Lessons From The Mythical Man Month

Fred Brooks’ The Mythical Man Month is one of my favorite software engineering books.  I first read it in my senior software engineering class at Rutgers.  From time to time in my daily routine of software implementaion, I flash back to bits and pieces from the book and from the class.

One of the most relevant issues that Brooks’ touches upon is the issue of communication and how it impacts productivity.  Of this, Brooks writes:

The added burden of communication is made up of two parts, training and intercommunication.  Each worker must be trained in the technology, the goals of the effort, the overall strategy, and the plan of work.  This training cannot be partitioned, so this part of the added effort varies linearly with the number of workers.

Intercommunicaion is worse.  If each part of the task must be separately coordinated with each other part, the effort increases as n(n-1)/2.  Three workers require three times as much pairwise intercommunication as two; four require six times as much as two.  If, moreoever, there need to be conferences among three, four, etc., workers to resolve things jointly, matters get worse yet.  The added effort of communicating may fully counteract the division of the original task…

This issue seems particularly relevant today as teams are more geographically dispersed than ever (whether due to working with offshore teams or with developers working across the country). As you increase the number of developers working on dependent and communicating components, you dramatically increase the development time.

One of the most common approaches to working around this is to partition the work such that each developer is responsible for minimal cross component communications (each developer implements a full stack).

The approach works because there is less turnaround and less miscommunication between developers.  It reduces dependencies between one component and another, allowing a develper to progress as fast as she can implement the requisite bits.  Need to store an additional field?  No problem.  Add a column, add it to your data model, and then render it in the UI.  No need to ping someone else or write a change request; just make it happen.

The downfall of this approach is that it leads to a lot of duplicate code for common logic; it tends to work well for a very small team with geographic proximity, but breaks down very quickly as the number of developers or geographic proximity increases.  A developer writing data access for one component may have her own practices while another will abide by a completely different set of practices.  In the long run, this leads to code that’s hard to maintain as well as adding much more complexity to the product itself.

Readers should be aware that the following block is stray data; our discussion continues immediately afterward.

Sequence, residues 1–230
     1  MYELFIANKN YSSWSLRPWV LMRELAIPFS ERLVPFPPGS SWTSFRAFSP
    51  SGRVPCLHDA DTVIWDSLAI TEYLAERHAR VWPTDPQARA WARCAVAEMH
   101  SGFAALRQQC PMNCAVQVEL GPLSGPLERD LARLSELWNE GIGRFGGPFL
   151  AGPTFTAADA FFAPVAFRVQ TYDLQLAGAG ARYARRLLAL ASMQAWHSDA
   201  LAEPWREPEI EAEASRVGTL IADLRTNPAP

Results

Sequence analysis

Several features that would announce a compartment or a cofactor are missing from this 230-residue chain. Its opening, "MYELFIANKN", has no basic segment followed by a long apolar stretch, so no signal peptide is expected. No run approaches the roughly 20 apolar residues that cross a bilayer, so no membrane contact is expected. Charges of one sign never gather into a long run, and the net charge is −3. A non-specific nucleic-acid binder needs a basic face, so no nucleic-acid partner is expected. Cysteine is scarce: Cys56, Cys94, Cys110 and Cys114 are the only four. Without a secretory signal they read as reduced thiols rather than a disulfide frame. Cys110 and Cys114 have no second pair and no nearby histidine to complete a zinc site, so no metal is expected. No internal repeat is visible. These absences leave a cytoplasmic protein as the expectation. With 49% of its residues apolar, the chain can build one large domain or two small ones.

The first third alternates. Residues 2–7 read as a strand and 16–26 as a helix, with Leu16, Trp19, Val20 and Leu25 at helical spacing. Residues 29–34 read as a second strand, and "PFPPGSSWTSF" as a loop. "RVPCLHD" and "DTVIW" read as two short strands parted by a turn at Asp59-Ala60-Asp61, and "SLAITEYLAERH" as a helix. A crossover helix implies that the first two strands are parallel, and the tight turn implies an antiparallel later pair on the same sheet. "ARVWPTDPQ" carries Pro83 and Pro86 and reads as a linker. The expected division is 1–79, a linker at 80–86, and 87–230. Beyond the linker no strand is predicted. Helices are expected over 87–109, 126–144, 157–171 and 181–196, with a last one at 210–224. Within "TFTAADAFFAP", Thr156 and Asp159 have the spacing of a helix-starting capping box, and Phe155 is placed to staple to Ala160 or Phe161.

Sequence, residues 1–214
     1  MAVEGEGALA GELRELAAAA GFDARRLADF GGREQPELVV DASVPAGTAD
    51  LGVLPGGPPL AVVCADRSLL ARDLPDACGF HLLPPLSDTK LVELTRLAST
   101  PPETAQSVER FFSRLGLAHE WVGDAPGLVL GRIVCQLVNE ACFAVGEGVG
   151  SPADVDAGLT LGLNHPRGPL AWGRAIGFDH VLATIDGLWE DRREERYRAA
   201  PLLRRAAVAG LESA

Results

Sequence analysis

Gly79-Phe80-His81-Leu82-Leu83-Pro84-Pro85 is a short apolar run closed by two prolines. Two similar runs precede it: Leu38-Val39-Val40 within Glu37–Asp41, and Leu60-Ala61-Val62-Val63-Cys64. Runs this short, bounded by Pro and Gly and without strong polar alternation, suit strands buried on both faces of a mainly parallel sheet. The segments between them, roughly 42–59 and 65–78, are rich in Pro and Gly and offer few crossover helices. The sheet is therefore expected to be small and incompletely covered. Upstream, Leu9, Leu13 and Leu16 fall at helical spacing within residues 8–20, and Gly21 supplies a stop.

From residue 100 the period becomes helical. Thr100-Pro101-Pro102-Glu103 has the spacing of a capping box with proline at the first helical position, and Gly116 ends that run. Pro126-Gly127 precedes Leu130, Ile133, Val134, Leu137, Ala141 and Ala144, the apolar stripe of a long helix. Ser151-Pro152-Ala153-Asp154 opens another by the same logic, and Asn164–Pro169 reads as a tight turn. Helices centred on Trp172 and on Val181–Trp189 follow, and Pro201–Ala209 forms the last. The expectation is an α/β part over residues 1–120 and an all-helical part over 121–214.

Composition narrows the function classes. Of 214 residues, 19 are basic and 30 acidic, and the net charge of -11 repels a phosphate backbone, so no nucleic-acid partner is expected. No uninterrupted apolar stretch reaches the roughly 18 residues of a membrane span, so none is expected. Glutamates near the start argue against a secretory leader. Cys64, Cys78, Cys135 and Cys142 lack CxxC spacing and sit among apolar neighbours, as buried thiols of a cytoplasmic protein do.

Not only that, any given developer may not be suited for developing a given part of an application stack.  A UI developer will be much more proficient at and capable of designing an attractive, easy to use UI than a backend service developer.  An application developer may be capable of writing a much more cohesive domain layer and business layer than a database developer.

Service contracts are an oft touted solution.  The promise is that by agreeing on a service contract, each side can develop independently of a concrete implementation of the other, so long as the contract is followed to a T.  However, at least in my experience, this is usually far from the truth, especially if you work in a team where the contract itself is rarely stable for more than a day or two.  UI tweaks or new features can cause dramatic changes in the service (for example, requiring more data or a change to the model) which comes at a cost of time spent on change requests and communicating those changes to the other side.

For the time being, I’ve come to conclude that full stack development (hmm…maybe with the exception of the UI layer) is the best approach, so long as it’s supported by the necessary tools, templates, and frameworks; it’s all about making it easy to make the guts work (and to do so in a consistent manner) so that the implementation differences where it matters is minimized (for example, data access). Enter code generation,  automation, and application frameworks to the rescue.  Tools like MyGeneration, Spring, Smart Client Software Factory, and Enterprise Library are really the answer but I’ve found it quite difficult to get team members to buy into embracing these tools (it’s one thing to use a framework; it’s another, entirely, to embrace a framework or tool).  When properly wielded with a cohesive software architecture, you can get the best of both worlds: a coherent codebase with common patterns across component stacks while allowing developers to work with less dependencies.

What do you think?  How do your teams handle working on multiple dependent components?

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